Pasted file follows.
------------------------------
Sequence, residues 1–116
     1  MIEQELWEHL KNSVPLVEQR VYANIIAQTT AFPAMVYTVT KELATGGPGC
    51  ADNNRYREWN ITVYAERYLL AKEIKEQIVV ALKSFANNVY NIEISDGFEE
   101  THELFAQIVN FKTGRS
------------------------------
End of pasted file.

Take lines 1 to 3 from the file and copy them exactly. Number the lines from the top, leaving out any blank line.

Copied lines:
Sequence, residues 1–116
     1  MIEQELWEHL KNSVPLVEQR VYANIIAQTT AFPAMVYTVT KELATGGPGC
    51  ADNNRYREWN ITVYAERYLL AKEIKEQIVV ALKSFANNVY NIEISDGFEE